Even though the Electric Department’s data was an obvious priority, some attention and time was paid to development of other basemap layers. RMU had participated for years in the Ogle County GIS consortium without realizing the full potential and usefulness of that group’s data offerings. Inserting these datasets into the local government model allowed RMU to grasp a fuller picture of their complete GIS eco-system.  

Along with their meticulous CAD drawing, electric department staff had collected over 22,000 photos of their 7,286 electric poles. These data, while extremely useful, was only available on one PC within the electric department offices. Again, with the intension of eventually pushing this information out to field personnel, Cloudpoint moved these photos into the cloud. Because of the foresight of RMU staff and the naming of these 22,000+ photos, a linkage could be drawn from the poles feature class to the images themselves while on a protected and redundant  webserver within Amazon Web Services S3 storage. This link is currently being used on the desktop as well as in the field. 

Internally to the RMU network, there are currently only a few editors of the electrical GIS layers.  While this seems inefficient it actually is an industry-wide ‘Best practice’. Using Esri server-side software (ArcSDE) riding on-top of Microsoft Sequel Server the electric data is currently a protected enterprise dataset. This means that though many have access to see the authoritative data, only a select and qualified few have access to change it. These different versions of the data are synchronized after the author approves the edits. This reconcile and post process can be done on the GIS server by qualified staff.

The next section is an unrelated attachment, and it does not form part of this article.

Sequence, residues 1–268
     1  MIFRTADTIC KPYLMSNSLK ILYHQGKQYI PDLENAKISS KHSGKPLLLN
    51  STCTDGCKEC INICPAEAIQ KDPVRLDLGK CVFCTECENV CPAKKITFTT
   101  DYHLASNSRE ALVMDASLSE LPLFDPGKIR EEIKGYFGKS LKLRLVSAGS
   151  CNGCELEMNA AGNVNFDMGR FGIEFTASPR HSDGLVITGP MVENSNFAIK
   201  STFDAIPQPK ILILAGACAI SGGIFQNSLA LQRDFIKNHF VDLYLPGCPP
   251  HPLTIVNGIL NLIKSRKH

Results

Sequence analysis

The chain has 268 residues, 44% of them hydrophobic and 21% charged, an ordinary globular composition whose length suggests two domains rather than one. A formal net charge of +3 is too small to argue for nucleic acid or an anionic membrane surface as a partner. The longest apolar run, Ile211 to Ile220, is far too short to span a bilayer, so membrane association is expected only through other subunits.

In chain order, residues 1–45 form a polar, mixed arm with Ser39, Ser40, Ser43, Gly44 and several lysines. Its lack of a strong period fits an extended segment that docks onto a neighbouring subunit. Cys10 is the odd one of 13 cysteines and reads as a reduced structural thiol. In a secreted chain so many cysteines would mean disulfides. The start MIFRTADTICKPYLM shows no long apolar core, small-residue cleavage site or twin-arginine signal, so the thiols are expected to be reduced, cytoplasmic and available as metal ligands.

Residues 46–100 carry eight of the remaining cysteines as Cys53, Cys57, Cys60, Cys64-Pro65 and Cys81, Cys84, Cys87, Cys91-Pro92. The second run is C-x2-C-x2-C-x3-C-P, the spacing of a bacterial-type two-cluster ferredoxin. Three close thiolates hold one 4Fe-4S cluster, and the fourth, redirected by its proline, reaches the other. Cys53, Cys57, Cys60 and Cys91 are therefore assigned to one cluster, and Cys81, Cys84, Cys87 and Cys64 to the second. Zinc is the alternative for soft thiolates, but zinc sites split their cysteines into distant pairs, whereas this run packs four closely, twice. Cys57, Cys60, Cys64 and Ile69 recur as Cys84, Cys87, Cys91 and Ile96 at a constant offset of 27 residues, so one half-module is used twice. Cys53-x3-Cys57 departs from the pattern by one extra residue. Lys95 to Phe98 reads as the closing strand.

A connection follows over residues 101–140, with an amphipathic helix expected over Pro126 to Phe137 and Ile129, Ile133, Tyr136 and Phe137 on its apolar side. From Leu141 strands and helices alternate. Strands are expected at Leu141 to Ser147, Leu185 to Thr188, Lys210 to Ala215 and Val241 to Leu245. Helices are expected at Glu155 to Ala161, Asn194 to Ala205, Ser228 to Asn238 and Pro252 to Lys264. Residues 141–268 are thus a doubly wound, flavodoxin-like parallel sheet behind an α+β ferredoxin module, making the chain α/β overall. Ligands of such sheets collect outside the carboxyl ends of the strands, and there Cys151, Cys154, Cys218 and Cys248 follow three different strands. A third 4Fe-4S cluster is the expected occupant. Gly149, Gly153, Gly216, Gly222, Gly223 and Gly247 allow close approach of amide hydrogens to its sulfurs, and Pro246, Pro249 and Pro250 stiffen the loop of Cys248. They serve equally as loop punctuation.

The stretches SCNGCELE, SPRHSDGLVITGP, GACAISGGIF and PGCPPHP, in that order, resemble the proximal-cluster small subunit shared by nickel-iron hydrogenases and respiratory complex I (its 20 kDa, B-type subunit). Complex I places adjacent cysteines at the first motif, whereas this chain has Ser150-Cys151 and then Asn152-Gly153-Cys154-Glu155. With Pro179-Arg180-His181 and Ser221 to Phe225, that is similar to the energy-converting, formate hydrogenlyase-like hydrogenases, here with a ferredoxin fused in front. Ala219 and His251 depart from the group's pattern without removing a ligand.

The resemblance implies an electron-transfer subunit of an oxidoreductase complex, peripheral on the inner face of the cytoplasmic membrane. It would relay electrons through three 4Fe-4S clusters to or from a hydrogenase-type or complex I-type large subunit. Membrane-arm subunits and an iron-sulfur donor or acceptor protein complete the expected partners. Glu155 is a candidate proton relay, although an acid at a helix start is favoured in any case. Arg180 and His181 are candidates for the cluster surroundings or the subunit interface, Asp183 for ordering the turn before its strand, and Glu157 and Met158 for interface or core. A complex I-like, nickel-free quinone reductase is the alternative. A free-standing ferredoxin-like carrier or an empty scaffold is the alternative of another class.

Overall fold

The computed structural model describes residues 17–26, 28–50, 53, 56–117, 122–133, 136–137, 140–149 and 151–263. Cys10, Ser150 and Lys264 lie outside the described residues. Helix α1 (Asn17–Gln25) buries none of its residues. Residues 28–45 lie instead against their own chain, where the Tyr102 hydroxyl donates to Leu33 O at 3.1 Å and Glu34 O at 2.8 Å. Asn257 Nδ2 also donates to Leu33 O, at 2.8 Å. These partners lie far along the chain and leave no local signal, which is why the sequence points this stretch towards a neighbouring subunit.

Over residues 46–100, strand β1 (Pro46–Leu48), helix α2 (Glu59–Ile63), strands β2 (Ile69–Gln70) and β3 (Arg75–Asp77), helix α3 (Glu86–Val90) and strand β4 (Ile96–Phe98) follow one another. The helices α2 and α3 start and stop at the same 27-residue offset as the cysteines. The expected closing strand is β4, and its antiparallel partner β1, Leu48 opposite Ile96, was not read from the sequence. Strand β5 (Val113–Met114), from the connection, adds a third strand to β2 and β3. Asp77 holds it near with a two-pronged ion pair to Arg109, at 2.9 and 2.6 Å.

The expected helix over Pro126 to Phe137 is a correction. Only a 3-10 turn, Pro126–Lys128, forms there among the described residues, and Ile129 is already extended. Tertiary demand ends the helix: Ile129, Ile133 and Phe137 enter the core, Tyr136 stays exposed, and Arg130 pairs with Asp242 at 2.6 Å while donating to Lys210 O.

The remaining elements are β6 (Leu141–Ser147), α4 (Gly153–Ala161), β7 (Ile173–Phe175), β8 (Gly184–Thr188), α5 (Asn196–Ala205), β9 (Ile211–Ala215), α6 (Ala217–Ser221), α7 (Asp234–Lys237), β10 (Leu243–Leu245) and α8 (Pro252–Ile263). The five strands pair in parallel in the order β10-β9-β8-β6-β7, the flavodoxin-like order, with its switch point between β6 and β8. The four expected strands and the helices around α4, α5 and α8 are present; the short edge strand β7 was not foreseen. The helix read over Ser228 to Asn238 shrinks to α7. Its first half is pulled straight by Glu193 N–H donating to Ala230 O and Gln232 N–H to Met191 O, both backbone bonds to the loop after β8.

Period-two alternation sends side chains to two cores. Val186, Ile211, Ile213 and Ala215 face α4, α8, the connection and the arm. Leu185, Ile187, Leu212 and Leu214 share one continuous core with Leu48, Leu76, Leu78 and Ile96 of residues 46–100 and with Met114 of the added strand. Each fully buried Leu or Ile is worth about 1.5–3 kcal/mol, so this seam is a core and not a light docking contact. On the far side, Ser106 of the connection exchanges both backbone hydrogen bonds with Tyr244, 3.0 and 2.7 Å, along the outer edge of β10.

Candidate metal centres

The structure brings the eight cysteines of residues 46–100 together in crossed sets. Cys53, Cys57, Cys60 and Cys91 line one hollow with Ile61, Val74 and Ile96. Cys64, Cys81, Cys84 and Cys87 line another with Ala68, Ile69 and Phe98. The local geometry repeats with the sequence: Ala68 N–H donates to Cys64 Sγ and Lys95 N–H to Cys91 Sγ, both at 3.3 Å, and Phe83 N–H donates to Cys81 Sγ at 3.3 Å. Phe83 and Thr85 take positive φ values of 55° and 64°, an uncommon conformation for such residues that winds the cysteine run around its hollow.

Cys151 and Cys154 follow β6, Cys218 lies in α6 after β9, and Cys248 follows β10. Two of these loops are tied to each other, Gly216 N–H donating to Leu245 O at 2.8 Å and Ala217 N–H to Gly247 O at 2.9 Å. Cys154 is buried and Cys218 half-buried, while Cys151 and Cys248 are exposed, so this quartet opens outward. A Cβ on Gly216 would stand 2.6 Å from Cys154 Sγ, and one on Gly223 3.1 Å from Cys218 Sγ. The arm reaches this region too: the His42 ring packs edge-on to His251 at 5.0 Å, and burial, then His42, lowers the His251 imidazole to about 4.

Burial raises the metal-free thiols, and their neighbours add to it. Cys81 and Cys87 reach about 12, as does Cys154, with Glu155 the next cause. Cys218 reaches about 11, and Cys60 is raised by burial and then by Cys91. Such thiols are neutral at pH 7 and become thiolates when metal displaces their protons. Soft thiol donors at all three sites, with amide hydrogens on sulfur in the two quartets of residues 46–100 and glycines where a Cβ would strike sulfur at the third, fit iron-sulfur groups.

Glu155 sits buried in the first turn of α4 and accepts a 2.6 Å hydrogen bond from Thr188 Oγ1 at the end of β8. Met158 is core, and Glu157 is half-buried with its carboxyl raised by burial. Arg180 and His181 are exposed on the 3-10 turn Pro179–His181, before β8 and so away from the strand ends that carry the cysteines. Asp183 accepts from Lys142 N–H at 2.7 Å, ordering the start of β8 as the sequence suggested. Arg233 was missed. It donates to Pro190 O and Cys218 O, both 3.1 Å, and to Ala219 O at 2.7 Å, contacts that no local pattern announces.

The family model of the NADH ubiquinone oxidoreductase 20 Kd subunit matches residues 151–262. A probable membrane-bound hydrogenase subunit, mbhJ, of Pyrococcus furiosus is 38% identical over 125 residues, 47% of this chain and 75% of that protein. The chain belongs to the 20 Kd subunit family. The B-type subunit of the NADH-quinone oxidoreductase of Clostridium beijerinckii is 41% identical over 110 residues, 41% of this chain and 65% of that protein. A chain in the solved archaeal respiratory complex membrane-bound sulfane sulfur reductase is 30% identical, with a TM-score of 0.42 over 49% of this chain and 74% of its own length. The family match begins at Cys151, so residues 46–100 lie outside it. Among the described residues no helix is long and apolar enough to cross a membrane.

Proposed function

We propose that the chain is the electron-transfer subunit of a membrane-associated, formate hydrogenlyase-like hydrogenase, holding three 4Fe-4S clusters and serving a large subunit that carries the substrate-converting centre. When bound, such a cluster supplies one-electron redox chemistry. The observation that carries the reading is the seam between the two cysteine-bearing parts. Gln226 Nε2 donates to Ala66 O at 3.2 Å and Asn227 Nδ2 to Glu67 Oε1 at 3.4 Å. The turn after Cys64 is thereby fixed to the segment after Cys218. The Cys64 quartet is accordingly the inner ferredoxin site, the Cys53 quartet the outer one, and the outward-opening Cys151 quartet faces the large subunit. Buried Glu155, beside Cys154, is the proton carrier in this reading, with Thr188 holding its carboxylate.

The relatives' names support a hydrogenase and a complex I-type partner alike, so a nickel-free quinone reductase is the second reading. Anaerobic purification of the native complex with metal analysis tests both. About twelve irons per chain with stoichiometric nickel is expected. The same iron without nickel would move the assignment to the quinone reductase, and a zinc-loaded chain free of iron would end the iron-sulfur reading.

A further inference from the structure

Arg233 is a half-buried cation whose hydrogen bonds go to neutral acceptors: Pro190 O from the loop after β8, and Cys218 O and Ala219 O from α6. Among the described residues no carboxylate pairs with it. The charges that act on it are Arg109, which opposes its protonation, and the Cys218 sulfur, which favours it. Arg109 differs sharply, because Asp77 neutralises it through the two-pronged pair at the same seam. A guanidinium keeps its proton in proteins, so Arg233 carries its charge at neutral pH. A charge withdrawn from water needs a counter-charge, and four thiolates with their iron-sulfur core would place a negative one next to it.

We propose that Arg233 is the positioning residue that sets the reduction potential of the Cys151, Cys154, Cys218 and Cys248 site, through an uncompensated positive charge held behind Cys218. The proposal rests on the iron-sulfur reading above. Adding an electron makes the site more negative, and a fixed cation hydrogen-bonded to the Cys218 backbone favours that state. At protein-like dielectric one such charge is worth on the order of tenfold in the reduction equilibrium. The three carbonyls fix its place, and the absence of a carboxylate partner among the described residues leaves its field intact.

During the continued database development stage, sharing was done via ArcMap and a set of shared folders and File Geodatabases. This full-featured software program from Esri has a high learning curve. In order to completely “see” the same layers, users needed to be proficient enough to create layer files, change symbology and then save pathnames as relative or UNC path types. This potential road bump was avoided by utilizing maps created by ArcGIS Online  and disseminating the information via secured webmaps. 

This large step forward allowed the electrical department field crews to use hand-held tablets to see map images & data, aerial imagery, address locations, pole photos, as well as PDF manuals of their departmental standards. RMU purchased four - Apple iPads equipped with 4G LTE and enrolled them in a Cisco Mobile Device Management software solution for protection and accountability.  While this is not an Automatic Vehicle Location (AVL) solution, it speeds up response time and efficiency of truck crews by being able to know what they need to replace before ever ever arriving on site.